One Liberty County school was recognized as a Healthy Schools Program model for its success in cutting high-calorie beverages and increasing its servings of fresh fruits and vegetables.
As part of the honor, two Lewis Frasier Middle School students joined administrators Tuesday in a roundtable discussion about the school’s health-related programming with U.S. Rep. Jack Kingston, R-Ga., and representatives of Sens. Johnny Isaakson, R-Ga., and Saxby Chambliss, R-Ga.
“I have some personal experience eating healthy, because when I was little, I used to eat a lot of junk food and sugary snacks, and I wouldn’t eat meat and I would get sick all the time,” sixth-grader Jordan Spires said.
But Jordan’s mother stepped in and corrected his diet, and now he rarely gets sick, he said. “When I eat sugar, it tastes really good at first, and then in the end, you feel all bloated and you just want to sit down — and I realized that sugar does this to me, and now I want to help other students come to the same realization.”
Jordan and seventh-grader Tiana Jackson joined school nurse Peggy Rayman, Superintendent Dr. Judy Scherer and nutrition director Dr. Chris Reddick in a discussion about how the school has embraced healthier habits and what it needs to continue doing so.
The event, Connect with Congress: Healthy Schools Program Leadership, Training & Congressional Meetings, was coordinated by the Robert Wood Johnson Foundation, whose mission is to improve health and health care.
“The Robert Wood Johnson Foundation five years ago made a $500 million commitment to end the childhood epidemic of obesity, and part of that is support for the Healthy Schools Program,” foundation consultant Andrew Peters said.
Healthy Schools is led by the Alliance for a Healthier Generation. It offers resources and standards for snacks and meals, physical activities and employee wellness.
Together with Healthy Schools, RWJF selected 12 schools around the nation to take part in the discussions with Congress, Peters said.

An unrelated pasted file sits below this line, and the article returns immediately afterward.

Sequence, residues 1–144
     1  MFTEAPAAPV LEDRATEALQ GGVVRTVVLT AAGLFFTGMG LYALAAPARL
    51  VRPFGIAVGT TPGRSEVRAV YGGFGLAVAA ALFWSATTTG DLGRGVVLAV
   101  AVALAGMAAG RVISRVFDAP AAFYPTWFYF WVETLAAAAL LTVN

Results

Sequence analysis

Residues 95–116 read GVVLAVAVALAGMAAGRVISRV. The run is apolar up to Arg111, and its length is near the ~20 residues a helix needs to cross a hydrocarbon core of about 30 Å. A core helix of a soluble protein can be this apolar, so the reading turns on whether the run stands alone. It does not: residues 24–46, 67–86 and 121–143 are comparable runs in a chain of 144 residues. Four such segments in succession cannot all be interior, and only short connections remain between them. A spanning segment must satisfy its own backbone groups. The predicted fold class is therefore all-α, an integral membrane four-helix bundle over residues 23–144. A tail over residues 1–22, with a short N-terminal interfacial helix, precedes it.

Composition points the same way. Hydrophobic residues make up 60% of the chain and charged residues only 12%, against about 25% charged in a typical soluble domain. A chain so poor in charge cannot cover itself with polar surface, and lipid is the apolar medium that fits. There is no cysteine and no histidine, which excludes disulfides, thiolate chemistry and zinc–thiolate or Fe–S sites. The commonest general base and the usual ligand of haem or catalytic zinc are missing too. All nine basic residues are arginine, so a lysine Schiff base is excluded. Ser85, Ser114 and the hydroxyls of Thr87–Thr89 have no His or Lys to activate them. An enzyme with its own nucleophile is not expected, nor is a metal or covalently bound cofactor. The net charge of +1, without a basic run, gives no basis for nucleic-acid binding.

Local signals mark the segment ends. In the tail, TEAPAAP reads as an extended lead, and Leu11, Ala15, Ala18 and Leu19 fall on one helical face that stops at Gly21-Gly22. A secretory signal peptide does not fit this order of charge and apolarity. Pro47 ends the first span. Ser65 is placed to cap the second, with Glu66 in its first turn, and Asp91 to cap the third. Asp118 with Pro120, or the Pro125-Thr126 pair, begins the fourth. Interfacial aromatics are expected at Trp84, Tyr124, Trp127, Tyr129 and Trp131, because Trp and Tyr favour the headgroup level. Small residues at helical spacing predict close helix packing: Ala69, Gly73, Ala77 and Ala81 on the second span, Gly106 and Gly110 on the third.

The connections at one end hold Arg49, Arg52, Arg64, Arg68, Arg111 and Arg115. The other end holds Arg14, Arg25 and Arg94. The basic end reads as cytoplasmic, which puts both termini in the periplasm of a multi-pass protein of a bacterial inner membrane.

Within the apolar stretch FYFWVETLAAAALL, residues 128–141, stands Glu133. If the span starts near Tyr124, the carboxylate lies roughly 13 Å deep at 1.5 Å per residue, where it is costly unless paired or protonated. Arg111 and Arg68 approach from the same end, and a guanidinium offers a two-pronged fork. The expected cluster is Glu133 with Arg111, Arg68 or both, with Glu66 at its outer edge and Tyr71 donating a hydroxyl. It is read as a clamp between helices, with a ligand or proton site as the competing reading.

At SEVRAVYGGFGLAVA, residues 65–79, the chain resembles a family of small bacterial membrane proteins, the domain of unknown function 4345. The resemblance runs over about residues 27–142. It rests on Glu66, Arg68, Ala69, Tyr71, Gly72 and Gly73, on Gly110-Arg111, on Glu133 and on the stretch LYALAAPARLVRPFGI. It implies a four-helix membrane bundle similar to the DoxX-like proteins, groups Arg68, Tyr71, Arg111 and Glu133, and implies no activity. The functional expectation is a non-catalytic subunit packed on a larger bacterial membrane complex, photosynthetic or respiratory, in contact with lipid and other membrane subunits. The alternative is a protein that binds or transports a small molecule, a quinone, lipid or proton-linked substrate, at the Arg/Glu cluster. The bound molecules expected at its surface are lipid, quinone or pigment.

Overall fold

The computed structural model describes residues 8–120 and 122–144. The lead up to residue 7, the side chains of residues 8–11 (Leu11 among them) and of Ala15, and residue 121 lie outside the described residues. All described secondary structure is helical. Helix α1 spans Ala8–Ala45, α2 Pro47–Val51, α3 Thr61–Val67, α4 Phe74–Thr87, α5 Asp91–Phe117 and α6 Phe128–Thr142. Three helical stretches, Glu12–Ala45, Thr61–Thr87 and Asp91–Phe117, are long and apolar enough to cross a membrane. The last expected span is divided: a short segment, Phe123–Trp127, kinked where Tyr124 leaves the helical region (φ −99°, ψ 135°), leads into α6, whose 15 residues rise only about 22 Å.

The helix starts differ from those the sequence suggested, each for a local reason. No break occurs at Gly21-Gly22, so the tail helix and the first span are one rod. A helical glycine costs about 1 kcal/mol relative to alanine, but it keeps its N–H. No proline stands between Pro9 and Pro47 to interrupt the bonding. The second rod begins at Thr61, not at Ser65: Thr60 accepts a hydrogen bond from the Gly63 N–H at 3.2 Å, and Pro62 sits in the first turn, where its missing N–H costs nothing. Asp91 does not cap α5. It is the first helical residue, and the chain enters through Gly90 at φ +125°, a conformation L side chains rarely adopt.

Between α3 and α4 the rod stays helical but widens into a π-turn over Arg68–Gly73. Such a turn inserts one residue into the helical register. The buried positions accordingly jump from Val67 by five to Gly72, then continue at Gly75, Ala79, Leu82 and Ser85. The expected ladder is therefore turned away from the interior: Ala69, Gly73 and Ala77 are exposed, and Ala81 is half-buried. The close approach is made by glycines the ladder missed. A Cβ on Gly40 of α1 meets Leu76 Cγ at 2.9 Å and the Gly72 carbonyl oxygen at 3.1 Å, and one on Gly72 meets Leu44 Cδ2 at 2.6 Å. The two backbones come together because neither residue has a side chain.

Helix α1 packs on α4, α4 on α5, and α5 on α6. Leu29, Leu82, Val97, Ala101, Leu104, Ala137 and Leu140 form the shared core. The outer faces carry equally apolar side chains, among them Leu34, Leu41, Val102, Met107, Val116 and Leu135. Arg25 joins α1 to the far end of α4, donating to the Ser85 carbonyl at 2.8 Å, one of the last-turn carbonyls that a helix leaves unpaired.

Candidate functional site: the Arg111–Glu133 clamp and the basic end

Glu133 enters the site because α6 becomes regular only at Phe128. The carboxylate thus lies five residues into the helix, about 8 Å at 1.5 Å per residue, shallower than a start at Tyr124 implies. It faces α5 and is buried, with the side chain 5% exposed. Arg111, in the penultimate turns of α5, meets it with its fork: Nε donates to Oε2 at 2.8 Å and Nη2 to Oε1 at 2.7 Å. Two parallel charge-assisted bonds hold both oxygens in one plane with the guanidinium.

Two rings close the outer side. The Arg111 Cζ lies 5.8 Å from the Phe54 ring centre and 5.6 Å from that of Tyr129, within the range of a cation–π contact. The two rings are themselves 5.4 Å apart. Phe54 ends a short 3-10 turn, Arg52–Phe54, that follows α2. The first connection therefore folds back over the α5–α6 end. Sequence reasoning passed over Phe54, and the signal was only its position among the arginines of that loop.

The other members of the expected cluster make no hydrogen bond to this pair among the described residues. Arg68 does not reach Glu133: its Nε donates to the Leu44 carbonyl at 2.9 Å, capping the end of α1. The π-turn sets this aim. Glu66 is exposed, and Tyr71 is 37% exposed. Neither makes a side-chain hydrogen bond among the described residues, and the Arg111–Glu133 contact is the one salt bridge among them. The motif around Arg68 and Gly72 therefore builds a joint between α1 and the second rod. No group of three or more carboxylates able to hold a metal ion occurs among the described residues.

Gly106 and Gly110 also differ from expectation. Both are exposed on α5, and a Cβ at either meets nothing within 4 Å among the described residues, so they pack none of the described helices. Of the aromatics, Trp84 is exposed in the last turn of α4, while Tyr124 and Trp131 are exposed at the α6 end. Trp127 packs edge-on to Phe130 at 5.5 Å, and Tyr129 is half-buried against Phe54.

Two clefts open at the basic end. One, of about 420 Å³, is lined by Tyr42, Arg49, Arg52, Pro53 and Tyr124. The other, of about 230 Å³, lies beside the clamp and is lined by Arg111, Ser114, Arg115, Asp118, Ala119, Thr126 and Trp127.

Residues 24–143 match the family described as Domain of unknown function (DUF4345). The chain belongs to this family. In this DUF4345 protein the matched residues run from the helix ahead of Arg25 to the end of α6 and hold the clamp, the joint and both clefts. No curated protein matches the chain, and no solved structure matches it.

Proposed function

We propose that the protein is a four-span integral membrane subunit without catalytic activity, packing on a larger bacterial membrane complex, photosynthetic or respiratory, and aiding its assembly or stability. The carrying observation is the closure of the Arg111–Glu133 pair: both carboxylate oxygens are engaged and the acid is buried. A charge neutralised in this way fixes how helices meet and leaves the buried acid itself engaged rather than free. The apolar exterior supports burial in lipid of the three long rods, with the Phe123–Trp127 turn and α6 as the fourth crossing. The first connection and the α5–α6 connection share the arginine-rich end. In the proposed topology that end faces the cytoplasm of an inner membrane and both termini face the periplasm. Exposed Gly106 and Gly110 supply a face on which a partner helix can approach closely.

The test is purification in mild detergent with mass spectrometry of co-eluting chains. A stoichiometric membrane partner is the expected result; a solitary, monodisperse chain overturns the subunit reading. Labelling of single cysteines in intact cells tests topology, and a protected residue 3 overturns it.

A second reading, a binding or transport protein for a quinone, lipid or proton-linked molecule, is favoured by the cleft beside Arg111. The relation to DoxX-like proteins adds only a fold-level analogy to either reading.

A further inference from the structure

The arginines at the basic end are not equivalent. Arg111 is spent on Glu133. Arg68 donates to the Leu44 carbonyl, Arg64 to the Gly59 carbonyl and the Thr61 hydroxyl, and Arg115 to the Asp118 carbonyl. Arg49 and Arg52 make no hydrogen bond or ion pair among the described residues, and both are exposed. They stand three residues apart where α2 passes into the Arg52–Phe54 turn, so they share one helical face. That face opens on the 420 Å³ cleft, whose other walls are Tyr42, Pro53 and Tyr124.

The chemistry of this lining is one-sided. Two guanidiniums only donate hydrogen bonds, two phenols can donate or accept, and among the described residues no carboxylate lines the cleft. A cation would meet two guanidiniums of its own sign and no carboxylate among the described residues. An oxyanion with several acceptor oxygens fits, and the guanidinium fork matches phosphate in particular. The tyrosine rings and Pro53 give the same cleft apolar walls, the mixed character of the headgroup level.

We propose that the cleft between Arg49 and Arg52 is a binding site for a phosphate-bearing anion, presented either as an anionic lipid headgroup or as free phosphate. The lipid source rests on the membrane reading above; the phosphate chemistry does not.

Lewis Frasier, one of 14,000 nationwide participants, was selected for its success in removing sugary drinks from school vending machines.
The school only stocks water, vitamin-infused water and low-calorie, low-sugar juices, Rayman said.
“It’s interesting that in the middle of the deep South, where sugar is sometimes king, that it has not even created a ripple of push-back or complaints,” Rayman said.
Other school efforts include a 50-day health challenge using the USDA’s Choose My Plate website and an initiative to introduce five minutes of physical activity into each class period.
The district also has incorporated convection economy ovens, which will allow nutrition departments to create baked foods that are similar to fried products, Reddick said.
With sugary drinks out of the way, the school now is looking for ways to increase activity among students, Rayman said. “Our children only get one quarter of (physical education) every year — that’s nine weeks — and, you know, changing that would be very difficult because there are so many educational standards that we’re trying to meet as well.”
Kingston asked when the school began giving children only nine weeks of physical education and why.
“We try to make sure that kids get some technology, to diversify their electives — some kids take art, some kids take keyboarding — so we try to make it diversified for them,” Principal Jermaine Williams said.